• Factor XI participates in thrombus formation; deficiency might protect against thrombosis


What are the three phases of coagulation and what are the factors involved in each?

  • The 3 phases of coagulation are initiation, amplification, and propagation
    • Tissue factor and FVII are involved in the initiation phase
    • Factors V, VIII, and XI in the amplification phase
    • Factor X and prothrombin in the propagation phase
  • All the reactions occur on tissue factor bearing cells or microvesicles and activated platelets


What is the role of vitamin K in the clottin gcascade?

  • Vitamin K is the coenzyme for the carboxylase that attaches carboxyl groups to glutamic acid residues of clotting factors II,VII, IX, X and inhibitors proteins C, S, and Z
  • These negatively charged groups enable the clotting or inhibitor proteins to form Ca2+ bridges with negatively charged membrane phospholipids, an essential step for their activity
  • During the carboxylase reaction, vitamin K is oxidized but returned to its reduced form by the liver enzyme, Vitamin K Oxide Reductase Complex 1 or VKORC1


What is the role of thrombin in the clotting cascade?

  • Thrombin binds to and cleaves Protease Activated Receptor 1 (PAR1) on the platelet surface
  • PAR1 promotes platelet degranulation, changes in phospholipid composition, and activation of glycoprotein IIb/IIIa
  • Thrombin releases FVIII from von Willebrand factor and activates it, FV, FXI, & FXIII
  • In the absence of FVIII or FIX (hemophilia), FVIIa, FXa and thrombin are rapidly inactivated by tissue factor pathway inhibitor (TFPI) & antithrombin, and fibrin formation is greatly attenuated


What is the structure of fibrinogen and what is its role in the clotting cascade?

  • It is a dimer of 3 interwoven peptide chains
  • When 2 small fibrinopeptides are cleaved from the Aα & Bß-chains by thrombin, the dimers aggregate by forming non-covalent bonds between terminal D-domains on one molecule and the central E-domain of a second molecule giving a pattern that looks like bricks in a wall
    • There is also lateral (side-to-side) aggregation
  • Thrombin-activated FXIII then catalyzes bond formation between glutamic acid of one D-domain and lysine of an adjacent D-domain
    • This accounts for the incredible strength of the fibrin strand


What are some of the major coagulation cascade inhibitors?

  • Intact endothelium generates a variety of antithrombotic agents, including nitric oxide, prostacyclin, and ecto-ADPase that inhibit platelet aggregation
    • Tissue factor pathway inhibitor (TFPI) that blocks the FVIIa-tissue factor complex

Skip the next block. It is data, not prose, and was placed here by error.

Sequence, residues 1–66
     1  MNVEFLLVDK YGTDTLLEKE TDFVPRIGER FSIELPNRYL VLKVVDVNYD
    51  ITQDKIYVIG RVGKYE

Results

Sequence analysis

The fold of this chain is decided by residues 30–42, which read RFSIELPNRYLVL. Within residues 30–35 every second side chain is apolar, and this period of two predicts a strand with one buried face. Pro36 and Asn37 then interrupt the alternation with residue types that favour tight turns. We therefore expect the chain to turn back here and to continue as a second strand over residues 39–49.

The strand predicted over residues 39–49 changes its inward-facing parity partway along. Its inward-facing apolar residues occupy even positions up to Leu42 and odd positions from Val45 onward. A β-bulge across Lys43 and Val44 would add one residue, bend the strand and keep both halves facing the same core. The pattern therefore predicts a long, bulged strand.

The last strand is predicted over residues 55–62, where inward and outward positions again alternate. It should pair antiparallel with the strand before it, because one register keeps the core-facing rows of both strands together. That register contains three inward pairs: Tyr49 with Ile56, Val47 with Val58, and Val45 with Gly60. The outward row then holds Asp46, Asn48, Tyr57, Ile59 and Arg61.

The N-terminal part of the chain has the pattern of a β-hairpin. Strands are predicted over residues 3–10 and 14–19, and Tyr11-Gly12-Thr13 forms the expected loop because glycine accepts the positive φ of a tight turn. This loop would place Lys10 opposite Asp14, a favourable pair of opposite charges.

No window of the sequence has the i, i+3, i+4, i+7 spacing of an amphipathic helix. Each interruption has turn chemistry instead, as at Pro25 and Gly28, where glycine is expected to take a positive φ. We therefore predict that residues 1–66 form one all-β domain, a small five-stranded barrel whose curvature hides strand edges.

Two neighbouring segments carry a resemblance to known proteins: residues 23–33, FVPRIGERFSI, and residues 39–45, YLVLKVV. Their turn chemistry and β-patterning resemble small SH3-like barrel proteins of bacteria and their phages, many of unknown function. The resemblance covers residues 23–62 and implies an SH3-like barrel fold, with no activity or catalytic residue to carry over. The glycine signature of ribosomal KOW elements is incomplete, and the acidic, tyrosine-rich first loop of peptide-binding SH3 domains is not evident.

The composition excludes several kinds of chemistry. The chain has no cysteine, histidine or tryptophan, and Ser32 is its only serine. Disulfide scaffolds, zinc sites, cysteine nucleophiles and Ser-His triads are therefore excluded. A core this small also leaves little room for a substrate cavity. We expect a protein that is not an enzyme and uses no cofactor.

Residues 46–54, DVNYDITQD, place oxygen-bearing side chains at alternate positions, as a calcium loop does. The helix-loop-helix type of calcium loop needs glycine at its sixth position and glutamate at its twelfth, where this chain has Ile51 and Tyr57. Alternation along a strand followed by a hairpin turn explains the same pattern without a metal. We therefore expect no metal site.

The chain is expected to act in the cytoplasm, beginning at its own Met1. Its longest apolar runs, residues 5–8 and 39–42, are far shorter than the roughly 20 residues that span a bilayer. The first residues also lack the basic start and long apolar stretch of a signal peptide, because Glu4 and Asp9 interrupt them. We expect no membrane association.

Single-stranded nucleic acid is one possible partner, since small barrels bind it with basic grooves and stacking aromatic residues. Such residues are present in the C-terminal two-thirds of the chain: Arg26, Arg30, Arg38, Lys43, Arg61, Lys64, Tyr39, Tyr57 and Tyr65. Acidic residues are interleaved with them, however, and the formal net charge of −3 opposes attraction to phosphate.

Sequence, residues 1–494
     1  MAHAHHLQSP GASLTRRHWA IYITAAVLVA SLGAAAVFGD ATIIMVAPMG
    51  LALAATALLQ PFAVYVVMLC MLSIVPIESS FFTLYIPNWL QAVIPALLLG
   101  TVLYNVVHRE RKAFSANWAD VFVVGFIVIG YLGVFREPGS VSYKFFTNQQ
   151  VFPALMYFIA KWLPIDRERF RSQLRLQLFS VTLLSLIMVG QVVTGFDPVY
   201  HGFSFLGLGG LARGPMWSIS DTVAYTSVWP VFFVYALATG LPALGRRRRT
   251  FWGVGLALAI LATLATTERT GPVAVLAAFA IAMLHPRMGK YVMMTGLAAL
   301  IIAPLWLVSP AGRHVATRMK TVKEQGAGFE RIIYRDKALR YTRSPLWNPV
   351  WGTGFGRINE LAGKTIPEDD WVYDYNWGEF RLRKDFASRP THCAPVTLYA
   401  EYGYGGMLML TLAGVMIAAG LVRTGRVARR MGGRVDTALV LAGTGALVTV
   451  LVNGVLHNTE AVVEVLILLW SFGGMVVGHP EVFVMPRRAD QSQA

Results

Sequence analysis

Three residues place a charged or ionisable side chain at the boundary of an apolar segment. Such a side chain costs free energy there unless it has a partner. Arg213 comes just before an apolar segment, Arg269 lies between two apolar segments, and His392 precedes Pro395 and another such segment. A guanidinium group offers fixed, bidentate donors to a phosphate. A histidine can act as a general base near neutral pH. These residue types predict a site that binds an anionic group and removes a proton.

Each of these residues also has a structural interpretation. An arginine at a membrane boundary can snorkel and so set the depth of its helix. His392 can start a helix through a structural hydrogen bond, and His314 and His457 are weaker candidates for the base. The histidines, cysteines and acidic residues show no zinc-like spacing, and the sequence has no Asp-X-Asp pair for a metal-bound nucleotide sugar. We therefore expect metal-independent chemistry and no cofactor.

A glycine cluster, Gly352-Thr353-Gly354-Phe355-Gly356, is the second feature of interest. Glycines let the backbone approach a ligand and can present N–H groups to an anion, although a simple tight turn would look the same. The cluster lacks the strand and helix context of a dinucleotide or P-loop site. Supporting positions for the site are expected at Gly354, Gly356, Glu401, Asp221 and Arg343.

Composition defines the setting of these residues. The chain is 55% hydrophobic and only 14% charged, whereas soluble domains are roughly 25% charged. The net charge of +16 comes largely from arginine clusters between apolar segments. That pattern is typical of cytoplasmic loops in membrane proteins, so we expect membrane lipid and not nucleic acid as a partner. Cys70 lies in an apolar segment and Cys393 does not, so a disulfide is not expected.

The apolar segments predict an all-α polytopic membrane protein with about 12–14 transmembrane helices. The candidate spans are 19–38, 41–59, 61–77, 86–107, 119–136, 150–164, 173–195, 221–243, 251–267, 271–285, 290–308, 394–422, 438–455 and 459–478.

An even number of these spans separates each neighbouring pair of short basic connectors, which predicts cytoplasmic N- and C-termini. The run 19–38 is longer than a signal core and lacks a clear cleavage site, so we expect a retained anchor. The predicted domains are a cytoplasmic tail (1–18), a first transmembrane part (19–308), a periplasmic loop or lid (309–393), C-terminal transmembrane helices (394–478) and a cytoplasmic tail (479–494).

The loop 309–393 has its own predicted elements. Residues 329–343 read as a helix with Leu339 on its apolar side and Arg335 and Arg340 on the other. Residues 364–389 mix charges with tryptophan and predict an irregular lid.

• Thrombomodulin that binds thrombin and activates protein C
    • Proteoglycans that activate antithrombin
    • ADAMTS13 is present on the endothelial cell membrane and cleaves the highest molecular weight multimers of von Willebrand factor as they are released from the endothelial Weibel-Palade bodies
  • Antithrombin: a serine protease inhibitor (serpin) that blocks thrombin and activated factors X, IX, XI, XII, and the tissue factor-VIIa complex
  • Activated protein C, with free protein S (PS), inactivates FVa and FVIIIa, preventing continuing thrombosis
    • Two-thirds of circulating  PS is bound to the complement-4B-binding protein (C4BP), one-third is free.  PS levels <5% of normal associated with thrombosis
  • Protein Z binds to Z protease inhibitor and the complex inhibits factor Xa
    • It does not appear to play an important role in thrombosis
  • Phospholipid-binding proteins include annexin V and beta2-glycoprotein-1 (β2GP1), bind to phosphatidyl serine, preventing binding of the coagulation complexes
    • Antibodies to β2GP1 associated with thrombosis in patients with lupus anticoagulant syndrome


Describe the process of fibrinolytic system.

  • Consists of plasminogen, which forms plasmin, the enzyme that lyses fibrin thrombi
  • Tissue plasminogen activator (t-PA) and urokinase convert plasminogen to plasmin, but this process is most effective when plasminogen is bound to lysine-binding sites on fibrin
  • Plasminogen activator inhibitor-1 (PAI-1), lipoprotein(a), and thrombin activatable fibrinolysis inhibitor (TAFI) either bind to or degrade these lysine binding sites and thereby inhibit fibrinolysis
  • Epsilon aminocaproic acid and tranexamic acid are pharmacologic lysine-mimetics
  • Antiplasmin directly inhibits plasmin